When it comes to the laws of Google, “LGBTQ+ matchmaking” is hardly a search-worthy term. And so when Sunali Aggarwal launched AYA – As You Are, India’s only homegrown matchmaking app for the LGBTQ+ community, she went with the more common descriptor: “dating app”.
“It’s an SEO [search-engine optimisation] requirement,” says the 40-year-old Chandigarh entrepreneur who wants to still be clear that AYA, launched in June 2020, is a serious platform for those looking for serious relationships.
Besides the first-mover advantage of addressing the needs of a niche audience that has so far been underrepresented on social networking platforms, Sunali has several things going for her: the energy of a second-generation entrepreneur, the creative thinking of a design graduate, and the skills of a tech professional with years in the field.
Having been exposed to the challenges of the LGBTQ+ community since her student days in the iconic National Institute of Design, Ahmedabad, and later at IIM Ahmedabad, Sunali researched existing dating and social-networking platforms and saw a clear gap in the market.
“This community already has challenges to begin with,” says the UX and product designer, who co-founded Mobikwik.com in 2009.
In September 2018, India’s Supreme Court made a historical ruling on Section 377 of the Indian Penal Code to decriminalise consensual sexual conduct between adults of the same sex.
Though the judgement was hailed by human-rights activists and the gay community worldwide, it did little to address deep-seated social and cultural taboos that the LGBTQ+ community has grappled with for centuries in India.
Most still don’t express their sexuality due to fear of ostracism and discrimination, and those who do find the courage to come out of the closet find love and romance to be a potholed journey, ridden with complexities, incompatibilities, and lack of avenues – both offline and online.
“Apps like Tinder have facilitated more of a hookup culture,” says Sunali, referring to the current trend of casual sex encounters without long-term emotional commitment. Though Grindr is the most often-used app by the gay community in Indian metros, it is male-dominated, and others on the LGBTQ+ spectrum have no options for finding meaningful matches.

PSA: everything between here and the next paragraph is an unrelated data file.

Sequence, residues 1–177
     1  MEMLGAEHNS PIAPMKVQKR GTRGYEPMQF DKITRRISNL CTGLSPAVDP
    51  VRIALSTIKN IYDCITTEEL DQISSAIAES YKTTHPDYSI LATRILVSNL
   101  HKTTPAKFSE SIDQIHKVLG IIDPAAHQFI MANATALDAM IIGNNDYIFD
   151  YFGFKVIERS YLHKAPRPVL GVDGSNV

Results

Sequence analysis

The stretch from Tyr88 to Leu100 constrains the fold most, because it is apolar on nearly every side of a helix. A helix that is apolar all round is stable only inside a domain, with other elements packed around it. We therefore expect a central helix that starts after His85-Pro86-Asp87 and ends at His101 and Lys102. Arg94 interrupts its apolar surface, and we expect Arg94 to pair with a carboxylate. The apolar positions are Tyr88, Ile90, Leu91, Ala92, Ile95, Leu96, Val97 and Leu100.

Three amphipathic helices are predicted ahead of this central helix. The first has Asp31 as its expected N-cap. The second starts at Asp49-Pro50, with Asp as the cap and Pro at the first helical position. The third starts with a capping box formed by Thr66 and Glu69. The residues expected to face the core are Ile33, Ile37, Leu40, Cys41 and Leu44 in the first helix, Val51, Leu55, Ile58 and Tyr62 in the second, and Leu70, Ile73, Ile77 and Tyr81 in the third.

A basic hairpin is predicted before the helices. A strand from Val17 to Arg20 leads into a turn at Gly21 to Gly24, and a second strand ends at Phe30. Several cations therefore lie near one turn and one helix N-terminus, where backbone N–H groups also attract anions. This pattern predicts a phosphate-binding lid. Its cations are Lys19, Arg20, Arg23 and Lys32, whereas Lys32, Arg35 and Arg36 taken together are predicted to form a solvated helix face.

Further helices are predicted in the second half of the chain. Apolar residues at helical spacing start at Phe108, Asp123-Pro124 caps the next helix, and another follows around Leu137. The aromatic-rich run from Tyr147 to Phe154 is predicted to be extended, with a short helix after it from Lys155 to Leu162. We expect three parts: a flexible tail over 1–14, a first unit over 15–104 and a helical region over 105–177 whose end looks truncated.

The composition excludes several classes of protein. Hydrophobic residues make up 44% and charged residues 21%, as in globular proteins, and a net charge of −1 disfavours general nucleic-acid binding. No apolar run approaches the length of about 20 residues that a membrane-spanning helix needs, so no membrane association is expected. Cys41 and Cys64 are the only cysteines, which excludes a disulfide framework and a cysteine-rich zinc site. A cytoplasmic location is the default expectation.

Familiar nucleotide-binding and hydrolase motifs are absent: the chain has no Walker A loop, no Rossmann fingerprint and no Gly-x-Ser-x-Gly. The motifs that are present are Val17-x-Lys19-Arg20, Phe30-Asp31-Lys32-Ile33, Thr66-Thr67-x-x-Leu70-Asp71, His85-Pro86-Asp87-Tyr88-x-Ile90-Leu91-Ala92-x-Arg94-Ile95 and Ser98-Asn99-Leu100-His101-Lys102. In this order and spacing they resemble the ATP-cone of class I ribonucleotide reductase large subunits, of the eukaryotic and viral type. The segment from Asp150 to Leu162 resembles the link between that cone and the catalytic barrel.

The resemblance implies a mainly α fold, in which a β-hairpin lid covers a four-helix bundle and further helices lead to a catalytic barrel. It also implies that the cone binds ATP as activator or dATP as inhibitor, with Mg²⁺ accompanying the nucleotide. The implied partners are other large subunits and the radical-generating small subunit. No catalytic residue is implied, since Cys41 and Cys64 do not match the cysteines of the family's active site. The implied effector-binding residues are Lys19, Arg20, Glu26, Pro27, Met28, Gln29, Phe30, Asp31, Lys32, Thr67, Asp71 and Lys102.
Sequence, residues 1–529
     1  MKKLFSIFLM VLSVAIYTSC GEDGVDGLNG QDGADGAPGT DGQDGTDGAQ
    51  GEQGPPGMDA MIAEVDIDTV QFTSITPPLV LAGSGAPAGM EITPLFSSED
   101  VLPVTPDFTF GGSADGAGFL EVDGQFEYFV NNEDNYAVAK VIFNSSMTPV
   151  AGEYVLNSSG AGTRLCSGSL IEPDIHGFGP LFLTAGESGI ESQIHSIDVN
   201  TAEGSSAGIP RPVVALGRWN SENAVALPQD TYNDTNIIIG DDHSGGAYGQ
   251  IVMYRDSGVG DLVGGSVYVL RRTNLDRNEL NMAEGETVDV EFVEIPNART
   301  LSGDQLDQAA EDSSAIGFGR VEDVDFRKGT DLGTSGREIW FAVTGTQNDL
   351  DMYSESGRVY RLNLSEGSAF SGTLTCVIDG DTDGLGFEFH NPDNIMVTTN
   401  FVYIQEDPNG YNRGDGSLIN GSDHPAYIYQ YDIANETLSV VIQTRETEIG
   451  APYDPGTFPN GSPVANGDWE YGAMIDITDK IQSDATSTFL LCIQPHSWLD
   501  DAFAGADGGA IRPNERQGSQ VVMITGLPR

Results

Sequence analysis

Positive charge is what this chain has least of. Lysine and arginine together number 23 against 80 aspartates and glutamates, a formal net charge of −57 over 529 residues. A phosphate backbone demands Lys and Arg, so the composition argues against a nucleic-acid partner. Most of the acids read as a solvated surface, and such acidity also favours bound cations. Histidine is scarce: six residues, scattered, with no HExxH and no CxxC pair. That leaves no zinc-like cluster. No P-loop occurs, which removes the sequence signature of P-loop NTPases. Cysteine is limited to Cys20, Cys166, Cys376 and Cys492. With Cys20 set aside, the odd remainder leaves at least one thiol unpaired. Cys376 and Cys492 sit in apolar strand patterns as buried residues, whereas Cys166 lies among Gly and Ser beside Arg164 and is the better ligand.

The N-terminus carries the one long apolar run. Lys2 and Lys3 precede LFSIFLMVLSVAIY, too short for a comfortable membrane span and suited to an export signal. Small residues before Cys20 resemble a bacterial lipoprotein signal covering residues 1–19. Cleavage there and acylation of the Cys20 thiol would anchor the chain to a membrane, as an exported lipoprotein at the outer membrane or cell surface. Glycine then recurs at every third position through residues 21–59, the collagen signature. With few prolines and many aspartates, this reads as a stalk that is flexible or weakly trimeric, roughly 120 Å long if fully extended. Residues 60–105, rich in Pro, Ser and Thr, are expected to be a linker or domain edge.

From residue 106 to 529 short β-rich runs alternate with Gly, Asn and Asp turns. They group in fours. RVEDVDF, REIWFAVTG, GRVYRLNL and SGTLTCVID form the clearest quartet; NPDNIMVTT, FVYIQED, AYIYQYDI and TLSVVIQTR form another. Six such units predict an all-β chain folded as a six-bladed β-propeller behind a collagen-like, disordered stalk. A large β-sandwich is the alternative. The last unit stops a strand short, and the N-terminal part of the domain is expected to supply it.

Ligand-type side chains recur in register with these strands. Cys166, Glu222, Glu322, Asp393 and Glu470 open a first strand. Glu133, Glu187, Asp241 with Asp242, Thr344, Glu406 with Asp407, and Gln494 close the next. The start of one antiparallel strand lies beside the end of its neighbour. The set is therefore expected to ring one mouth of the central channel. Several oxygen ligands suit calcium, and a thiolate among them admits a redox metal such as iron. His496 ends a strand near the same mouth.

That’s where AYA comes in. Launched during the pandemic, the app’s key features are customised keeping in mind the suitability and sensitivity of the users.
Prioritising accessibility and anonymity, it offers users a ‘no-pressure’ zone when it comes to declaration of sexual orientation and gender identity. The focus is on the user’s profile rather than their photograph – unlike in regular dating apps where users often browse based on the photograph alone.
The app also offers a three-level verification protocol. Available for Android users, the app has had about 10,000 downloads so far. “We are working on including regional languages as English may not be the official or first language for a large majority,” says Sunali, who has worked with over 100 startups.
More focused on designing business apps, this new venture is challenging for Sunali not only because it is in the consumer space but also because it fills in a pressing need among sexual minorities. “We have been trying to create awareness about mental health, besides gender identity and sexual orientation through our blog – because people often don’t know how to identify themselves,” she says.
Sunali wishes for the day when – like ‘regular’ matrimonial apps – Indian parents sign up to register their LGBTQ+ children for prospective matches. “I wish more Indian parents would accept their children’s sexuality,” says Sunali, calling family acceptance the most debilitating obstacle in the lives of the LGBTQ+ community. “Once parents accept them, they can face the world.”
First published in eShe’s April 2021 issue
Syndicated to Money Control